That is how we go about it.
View Matthew Dubé Profile
As regards national security, you made recommendations about how to proceed in this context and the need for a stronger definition. If I understand correctly, however, the ideal would be for you to work together rather than passing the buck back and forth.
You conduct parallel investigations, is that correct? How do you see this?
Guy Bujold
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Guy Bujold
2018-02-15 12:29
First of all, we want to meet the legal requirement, under the act, to refer cases involving national security to the new agency. However, in an investigation relating to a worrisome national security issue, if we find that an RCMP member did not fulfill their obligations, their conduct would be an issue. In our view, the commission should be able to continue that investigation. That would mean sharing information with the new agency and would allow us both to conduct our investigation to arrive at a conclusion.
Guy Bujold
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Guy Bujold
2018-02-15 12:30
No. The commission does not deal with criminal matters at all. Its role is to determine whether an RCMP member's conduct is in violation of the policies, training, and legislation that dictate their conduct. If there are legal proceedings because of the conduct of an RCMP member, other authorities will become involved.
View Matthew Dubé Profile
I have one final question. I might then give Mr. Picard some speaking time since it is his birthday.
My question pertains to the Canada Border Services Agency. There is a debate going on right now that you are certainly aware of. There is always some tension between police authority and the territory a certain number of kilometres around customs areas. There have been some incidents, in Windsor in particular. As I recall, someone died following a police chase.
One of the questions raised in the debate of Bill  C-59 is the review or surveillance of the Canada Border Services Agency.
Does your mandate include the work the CBSA does in co-operation with the RCMP or is it once again a question of following the trail, national security issues, and information sharing?
Guy Bujold
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Guy Bujold
2018-02-15 12:32
I will heed Mr. McKay's warning and limit myself to a few brief remarks.
First, we know full well that the government is considering the need for a body like ours to review complaints about actions by members of that organization.
If such an agency is created, it would be in the public interest for it to have a clear link with the commission to ensure that, in cases where the responsibilities of the RCMP and the CBSA overlap, we can do what we have to do.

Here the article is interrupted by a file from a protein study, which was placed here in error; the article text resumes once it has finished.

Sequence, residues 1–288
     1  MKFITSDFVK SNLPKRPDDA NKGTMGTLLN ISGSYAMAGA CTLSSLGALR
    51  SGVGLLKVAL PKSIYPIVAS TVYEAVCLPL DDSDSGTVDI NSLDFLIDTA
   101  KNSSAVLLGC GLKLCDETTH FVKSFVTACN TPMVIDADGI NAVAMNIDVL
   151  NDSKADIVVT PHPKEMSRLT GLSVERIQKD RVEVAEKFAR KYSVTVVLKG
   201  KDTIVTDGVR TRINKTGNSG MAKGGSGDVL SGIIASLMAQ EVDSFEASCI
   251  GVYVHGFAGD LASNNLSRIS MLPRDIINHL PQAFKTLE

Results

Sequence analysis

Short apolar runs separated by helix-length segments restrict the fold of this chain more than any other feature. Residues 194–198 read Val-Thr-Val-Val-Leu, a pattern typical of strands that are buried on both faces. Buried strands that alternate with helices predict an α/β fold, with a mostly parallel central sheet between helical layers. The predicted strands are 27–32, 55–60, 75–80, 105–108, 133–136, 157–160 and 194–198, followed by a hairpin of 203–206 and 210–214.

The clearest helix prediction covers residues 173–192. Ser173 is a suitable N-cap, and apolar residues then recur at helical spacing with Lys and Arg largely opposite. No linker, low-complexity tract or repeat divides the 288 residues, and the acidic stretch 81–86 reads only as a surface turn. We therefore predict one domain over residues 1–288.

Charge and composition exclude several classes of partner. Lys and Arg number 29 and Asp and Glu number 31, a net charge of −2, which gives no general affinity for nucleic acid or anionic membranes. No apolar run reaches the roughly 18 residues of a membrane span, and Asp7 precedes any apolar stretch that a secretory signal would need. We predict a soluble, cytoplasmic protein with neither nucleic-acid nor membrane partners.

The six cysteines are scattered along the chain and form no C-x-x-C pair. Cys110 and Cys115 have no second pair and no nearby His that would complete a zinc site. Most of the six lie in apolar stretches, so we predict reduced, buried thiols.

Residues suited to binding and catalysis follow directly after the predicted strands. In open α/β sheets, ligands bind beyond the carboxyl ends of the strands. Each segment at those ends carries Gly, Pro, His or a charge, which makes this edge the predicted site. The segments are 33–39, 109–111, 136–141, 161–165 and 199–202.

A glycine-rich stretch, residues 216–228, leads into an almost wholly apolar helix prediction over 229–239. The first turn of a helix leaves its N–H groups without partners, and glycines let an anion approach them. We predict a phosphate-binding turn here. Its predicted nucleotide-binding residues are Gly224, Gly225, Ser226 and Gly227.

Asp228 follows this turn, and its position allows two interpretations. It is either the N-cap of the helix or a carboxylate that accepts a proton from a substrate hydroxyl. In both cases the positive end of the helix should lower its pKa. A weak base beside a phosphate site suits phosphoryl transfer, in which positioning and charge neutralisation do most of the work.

Alex Neve
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Alex Neve
2017-12-05 8:56
Thank you very much, Mr. Chair.
Good morning, committee members. Amnesty International certainly welcomes this opportunity to appear before you in the course of your review of Bill C-59. I'd like you to know at the outset that I'm here on behalf of both the English and francophone branch of Amnesty International Canada, and thus on behalf of our 400,000 supporters across the country.
Amnesty International has a long history of frequent appearances before parliamentary committees dealing with national security matters, be that studies of proposed legislation or reviews of existing legislation. That's not because we're national security experts. Our expertise, of course, lies in human rights. Our interest in Bill C-59, therefore, comes directly from our mandate to press governments to uphold their international human rights obligations. Documenting and responding to human rights violations arising in a national security context and pressing governments to amend national security laws, policies, and practices to conform to international human rights obligations have long featured prominently in Amnesty International's research and campaigning around the world, long predating September 11.
National security is often blatantly used as an excuse for human rights violations, clearly intended simply to punish and persecute political opponents or members of religious and ethnic minorities. National security operations have frequently proceeded with total disregard for obvious human rights consequences, leading to such serious human rights violations as torture, disappearances, and unlawful detention. Without adequate safeguards and restrictions, overly broad national security activities harm individuals and communities who pose no security threat at all. In all of these instances, the impact is frequently felt in a disproportionate and discriminatory manner by particular religious, ethnic, and racial communities, adding yet another human rights concern.